For parents, teachers and other adults, it is worth revisiting the benefits for students of reading for pleasure. Not only are they exposed to new experiences that broaden their world view and build empathy, but it is a chance for them to relax and simply enjoy a book away from screens and the pressures of school and other scheduled activities.

Specific College and Career Skills

Back in 2005, the ACT college entrance exam, designed to be an indicator of college readiness, isolated reading complexity as a critical missing factor after looking at the results of the 1.2 million high school seniors who took the test that year. It found that only 51 percent of students were equipped to handle first-year college course reading requirements.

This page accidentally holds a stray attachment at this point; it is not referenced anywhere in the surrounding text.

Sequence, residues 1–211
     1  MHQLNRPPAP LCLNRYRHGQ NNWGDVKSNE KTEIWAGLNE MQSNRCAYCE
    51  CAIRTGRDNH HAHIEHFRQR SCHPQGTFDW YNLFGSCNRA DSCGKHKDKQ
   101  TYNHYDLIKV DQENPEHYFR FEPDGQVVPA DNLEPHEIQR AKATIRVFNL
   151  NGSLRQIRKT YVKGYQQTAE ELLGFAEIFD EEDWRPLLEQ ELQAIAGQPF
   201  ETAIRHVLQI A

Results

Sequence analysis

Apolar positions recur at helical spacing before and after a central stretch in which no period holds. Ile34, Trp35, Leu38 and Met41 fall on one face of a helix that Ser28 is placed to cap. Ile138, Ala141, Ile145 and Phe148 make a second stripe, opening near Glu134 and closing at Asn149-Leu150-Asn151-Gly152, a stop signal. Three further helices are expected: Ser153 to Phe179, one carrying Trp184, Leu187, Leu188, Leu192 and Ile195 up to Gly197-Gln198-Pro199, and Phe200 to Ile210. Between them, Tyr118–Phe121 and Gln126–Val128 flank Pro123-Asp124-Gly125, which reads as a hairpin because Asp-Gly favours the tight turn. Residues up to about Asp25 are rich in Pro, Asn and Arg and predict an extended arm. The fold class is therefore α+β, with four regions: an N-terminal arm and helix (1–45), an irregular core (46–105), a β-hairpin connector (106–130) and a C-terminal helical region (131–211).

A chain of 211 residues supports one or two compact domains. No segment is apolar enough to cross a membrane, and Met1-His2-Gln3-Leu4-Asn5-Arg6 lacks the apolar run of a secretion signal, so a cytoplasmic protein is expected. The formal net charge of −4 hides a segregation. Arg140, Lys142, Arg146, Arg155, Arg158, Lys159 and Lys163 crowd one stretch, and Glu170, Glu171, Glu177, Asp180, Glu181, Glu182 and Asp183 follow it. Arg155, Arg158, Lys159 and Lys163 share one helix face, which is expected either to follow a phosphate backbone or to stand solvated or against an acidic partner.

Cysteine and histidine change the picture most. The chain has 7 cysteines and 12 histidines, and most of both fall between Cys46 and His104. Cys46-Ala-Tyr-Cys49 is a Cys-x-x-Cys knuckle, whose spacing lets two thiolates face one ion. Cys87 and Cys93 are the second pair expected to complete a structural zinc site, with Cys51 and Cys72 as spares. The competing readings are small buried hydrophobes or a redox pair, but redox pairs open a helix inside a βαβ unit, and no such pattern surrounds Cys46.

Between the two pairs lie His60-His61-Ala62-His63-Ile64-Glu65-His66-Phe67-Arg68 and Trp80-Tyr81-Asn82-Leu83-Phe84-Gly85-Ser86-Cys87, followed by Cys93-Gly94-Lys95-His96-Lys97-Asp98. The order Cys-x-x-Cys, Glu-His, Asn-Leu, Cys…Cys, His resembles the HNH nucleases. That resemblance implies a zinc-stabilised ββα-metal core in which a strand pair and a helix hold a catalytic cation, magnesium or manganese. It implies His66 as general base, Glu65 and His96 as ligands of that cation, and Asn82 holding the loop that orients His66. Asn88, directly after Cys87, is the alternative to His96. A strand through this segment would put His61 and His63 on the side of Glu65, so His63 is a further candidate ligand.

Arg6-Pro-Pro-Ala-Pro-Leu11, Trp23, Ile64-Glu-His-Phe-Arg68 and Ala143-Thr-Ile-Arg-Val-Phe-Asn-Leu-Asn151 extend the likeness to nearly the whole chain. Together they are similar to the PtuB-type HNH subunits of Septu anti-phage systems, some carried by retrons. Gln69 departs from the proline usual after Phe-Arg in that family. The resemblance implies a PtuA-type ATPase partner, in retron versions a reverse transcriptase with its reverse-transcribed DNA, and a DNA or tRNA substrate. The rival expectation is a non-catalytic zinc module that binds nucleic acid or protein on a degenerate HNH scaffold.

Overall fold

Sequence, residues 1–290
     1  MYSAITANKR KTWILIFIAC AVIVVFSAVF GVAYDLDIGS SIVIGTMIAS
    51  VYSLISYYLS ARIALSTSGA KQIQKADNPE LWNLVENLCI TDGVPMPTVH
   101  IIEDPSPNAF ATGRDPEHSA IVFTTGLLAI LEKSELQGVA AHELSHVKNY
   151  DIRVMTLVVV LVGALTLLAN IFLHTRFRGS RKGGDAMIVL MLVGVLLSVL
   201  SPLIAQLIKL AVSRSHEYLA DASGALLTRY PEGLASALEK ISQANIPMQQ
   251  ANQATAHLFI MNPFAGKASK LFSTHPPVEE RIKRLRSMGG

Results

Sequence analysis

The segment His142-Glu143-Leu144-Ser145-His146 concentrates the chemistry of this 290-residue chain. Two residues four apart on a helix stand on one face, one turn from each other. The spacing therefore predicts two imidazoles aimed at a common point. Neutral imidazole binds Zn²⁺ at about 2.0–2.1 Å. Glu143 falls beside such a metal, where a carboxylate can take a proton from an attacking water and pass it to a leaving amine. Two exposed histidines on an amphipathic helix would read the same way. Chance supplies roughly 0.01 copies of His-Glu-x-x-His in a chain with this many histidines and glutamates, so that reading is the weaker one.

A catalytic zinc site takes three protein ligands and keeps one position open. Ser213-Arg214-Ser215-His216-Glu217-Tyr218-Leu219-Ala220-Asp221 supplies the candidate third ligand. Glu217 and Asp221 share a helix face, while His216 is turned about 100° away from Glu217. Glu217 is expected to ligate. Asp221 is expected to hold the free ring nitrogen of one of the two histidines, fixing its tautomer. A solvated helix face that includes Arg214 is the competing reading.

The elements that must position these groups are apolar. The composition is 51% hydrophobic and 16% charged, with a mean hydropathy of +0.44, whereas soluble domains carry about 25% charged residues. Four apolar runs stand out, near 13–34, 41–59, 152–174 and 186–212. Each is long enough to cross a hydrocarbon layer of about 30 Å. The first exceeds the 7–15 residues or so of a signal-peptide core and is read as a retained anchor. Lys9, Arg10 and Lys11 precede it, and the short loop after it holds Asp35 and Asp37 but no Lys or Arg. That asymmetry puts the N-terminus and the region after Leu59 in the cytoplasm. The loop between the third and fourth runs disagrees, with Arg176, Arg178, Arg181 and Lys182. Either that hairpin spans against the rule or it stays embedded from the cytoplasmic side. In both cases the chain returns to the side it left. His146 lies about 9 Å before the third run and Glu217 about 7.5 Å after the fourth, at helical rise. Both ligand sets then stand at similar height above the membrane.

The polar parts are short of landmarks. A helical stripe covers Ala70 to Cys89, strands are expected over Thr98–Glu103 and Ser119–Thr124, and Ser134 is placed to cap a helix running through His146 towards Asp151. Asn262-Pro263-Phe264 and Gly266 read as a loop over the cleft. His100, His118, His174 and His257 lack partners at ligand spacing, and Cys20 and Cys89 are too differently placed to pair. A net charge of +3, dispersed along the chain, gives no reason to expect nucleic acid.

Since then, the launch of the Common Core State Standards in 2009 has aimed to rectify this shortcoming, with more of a focus on critical thinking, problem-solving and analytical skills.

Ideally, students are well-prepared in high school, with solid preparation for reading complex texts, understanding implicit messaging and subtle character interactions, demanding vocabulary and other higher-level reading skills.   Even more ideally, students are instructed in and practicing these skills at much earlier grades, even at an elementary level.

Students, especially those with learning disabilities, who have been lucky enough to have had early screenings, personalized reading pathways and acquired a love for reading, as noted in the three keys earlier covered, are likely to have a leg up when it comes to college readiness.

The MindPlay Team